Five Reasons Why Empty Rooms Make it Harder to Sell

Empty room
Added on August 14th 2015

Five Reasons Why Empty Rooms Make it Harder to Sell

We’ve all heard the advice about de-cluttering the house when it’s time to sell, but did you know you can go too far? It’s actually bad news to have empty rooms when you’re hoping to shift your property, and here’s why:

Reason one – people buy homes, not houses

You’re not just selling a house or flat, you’re selling a home. This space is where people will hold parties, bring up children and where they’ll curl up on the sofa after a hard day at work. They see all this when they walk into your home, so don’t ask them to look past bare walls and an expanse of floor. An empty house is depressing, which may well turn off a buyer there and then.

Practically speaking, empty rooms make it harder to imagine how their furniture will fit in, as it serves as a reference. If someone looks at your table and knows that theirs is a shade smaller, they know it’ll fit in that nook just fine.

Reason two – furniture helps people to understand how large a room is.

People generally can’t tell if a room is 13 feet by 11 feet or 12 feet by 10 feet just by looking at it, especially if it’s empty. Also, if a room is an unusual shape – L-shaped or long and narrow, for example – buyers might not know what they can fit into it. They might think there’s not much room for their furniture when in actual fact there is.

Reason three – empty rooms don’t let people work out the configuration of furniture

This is especially important if there’s a small room. Bigger rooms don’t present an ergonomic challenge to viewers (although if they’re empty they can seem desolate), but smaller ones definitely do. If you’ve got a nifty arrangement of furniture, or some innovative pieces, then the buyer might be inspired to make your house work for them rather than discouraged.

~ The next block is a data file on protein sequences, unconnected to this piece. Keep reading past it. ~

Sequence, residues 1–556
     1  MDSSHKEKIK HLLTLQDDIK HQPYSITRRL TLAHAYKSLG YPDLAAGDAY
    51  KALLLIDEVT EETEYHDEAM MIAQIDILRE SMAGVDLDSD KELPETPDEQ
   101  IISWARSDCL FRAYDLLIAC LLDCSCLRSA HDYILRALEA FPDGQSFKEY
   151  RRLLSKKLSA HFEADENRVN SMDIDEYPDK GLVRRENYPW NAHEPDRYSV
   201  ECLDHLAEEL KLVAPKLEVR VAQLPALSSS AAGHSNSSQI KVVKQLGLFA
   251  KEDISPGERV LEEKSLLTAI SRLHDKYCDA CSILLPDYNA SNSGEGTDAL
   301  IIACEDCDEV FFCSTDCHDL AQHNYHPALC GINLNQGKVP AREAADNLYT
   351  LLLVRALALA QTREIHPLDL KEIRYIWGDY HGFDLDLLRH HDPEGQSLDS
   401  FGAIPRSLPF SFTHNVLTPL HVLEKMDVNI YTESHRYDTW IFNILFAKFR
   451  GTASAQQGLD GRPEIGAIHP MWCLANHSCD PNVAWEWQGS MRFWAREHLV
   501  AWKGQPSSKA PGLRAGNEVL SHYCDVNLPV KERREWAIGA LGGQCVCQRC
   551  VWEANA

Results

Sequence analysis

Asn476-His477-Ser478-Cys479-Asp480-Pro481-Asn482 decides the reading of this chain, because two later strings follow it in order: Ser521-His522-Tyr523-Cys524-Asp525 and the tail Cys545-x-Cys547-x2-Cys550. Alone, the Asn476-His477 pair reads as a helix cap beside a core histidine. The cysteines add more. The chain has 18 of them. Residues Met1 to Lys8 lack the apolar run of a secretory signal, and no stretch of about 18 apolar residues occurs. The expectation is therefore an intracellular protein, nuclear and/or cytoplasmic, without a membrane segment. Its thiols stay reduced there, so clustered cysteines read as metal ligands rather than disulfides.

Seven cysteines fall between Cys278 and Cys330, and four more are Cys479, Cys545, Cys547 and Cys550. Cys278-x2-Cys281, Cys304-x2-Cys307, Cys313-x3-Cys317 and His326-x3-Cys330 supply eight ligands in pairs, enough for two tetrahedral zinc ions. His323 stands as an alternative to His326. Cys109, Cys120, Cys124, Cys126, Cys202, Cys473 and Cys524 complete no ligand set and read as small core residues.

Reason four – empty rooms show up all the flaws

Rather than gazing through the house from room to room, viewers fixate on minor flaws, like small bumps in the carpet, less-than-perfect plastering and ever-so-slightly wonky light fittings. This is not to be encouraged.

Reason five – empty rooms make you look desperate

Everyone likes a bargain and if a buyer thinks they can knock off a few grand because you’re in a rush to sell, they’ll look for any excuse to try it on. Having one or more empty rooms will make them think you’re getting divorced, or you have already left the city and are eager to be rid of the property. Then they’ll start thinking of low offers.

 

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